The Factory Daily Letter
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Signs from the insiders
In this daily letter, we are introducing a new quantitative tool that focuses on insider trading activity. Insider activity can be considered a “smart money” indicator on the basis that corporate managers and stakeholders are best-positioned to know about the current financial strength of their companies – and are only likely to buy if they are confident it can do well – also a signal that the a share price is undervalued.
Furthermore, and unlike the Hedge Fund 13F reports of fund manager holdings that are filed only quarterly, insiders have just a few days to report their activity to the SEC making the information much more valuable.
In the US, the legal obligation in for directors and key stakeholders in a company’s stock to disclose transaction details dates back to 1939. Insider trading is the trading of a company’s stocks or other securities by individuals with access to confidential or non-public information about the company. It is of course illegal to the extent that it involves trading in corporate stock by someone who has material information that is not publicly available and that may impact its price; the legislation is clearly designed to prevent / penalize anyone in possession of such information from / for using it to either profit from it (or prevent a loss) by trading that stock.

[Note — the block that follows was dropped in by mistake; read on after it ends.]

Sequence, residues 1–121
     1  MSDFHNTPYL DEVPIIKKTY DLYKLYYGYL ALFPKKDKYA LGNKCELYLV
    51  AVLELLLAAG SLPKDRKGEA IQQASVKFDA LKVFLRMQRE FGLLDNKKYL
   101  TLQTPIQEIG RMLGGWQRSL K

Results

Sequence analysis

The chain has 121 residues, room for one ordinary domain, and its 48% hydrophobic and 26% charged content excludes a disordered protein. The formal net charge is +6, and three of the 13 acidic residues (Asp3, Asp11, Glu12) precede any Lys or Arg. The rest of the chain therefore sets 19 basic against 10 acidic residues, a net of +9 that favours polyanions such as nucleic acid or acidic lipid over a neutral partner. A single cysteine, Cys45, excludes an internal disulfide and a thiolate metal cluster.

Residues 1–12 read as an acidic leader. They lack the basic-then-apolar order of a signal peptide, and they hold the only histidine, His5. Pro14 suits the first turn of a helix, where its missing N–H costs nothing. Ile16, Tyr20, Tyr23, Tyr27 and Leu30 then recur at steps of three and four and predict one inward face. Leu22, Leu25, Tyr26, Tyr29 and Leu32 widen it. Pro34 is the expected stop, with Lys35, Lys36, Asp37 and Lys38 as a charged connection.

That said, corporates clearly encourage ownership of their stock by officers and employees, so to cover this situation such individuals as well as those that hold more than 10% of any class of a company’s publicly-traded securities are obliged to report purchases, sales, and holdings of the same to the Securities and Exchange Commission (the SEC), usually within a few business days of any trade. Transactions in the company’s common stock as well as derivative securities, such as options, warrants, and convertible securities, are also reported.
Clearly insiders will trade for a huge variety of reasons such as liquidity and diversification. However, these publicly-available filings are nonetheless frequently referred to as a source of clues on insider sentiment on corporate prospects. So today we take a look and see if we can extrapolate any tell-tale-trends that may have emerged across the data.
Insiders buy, while others sell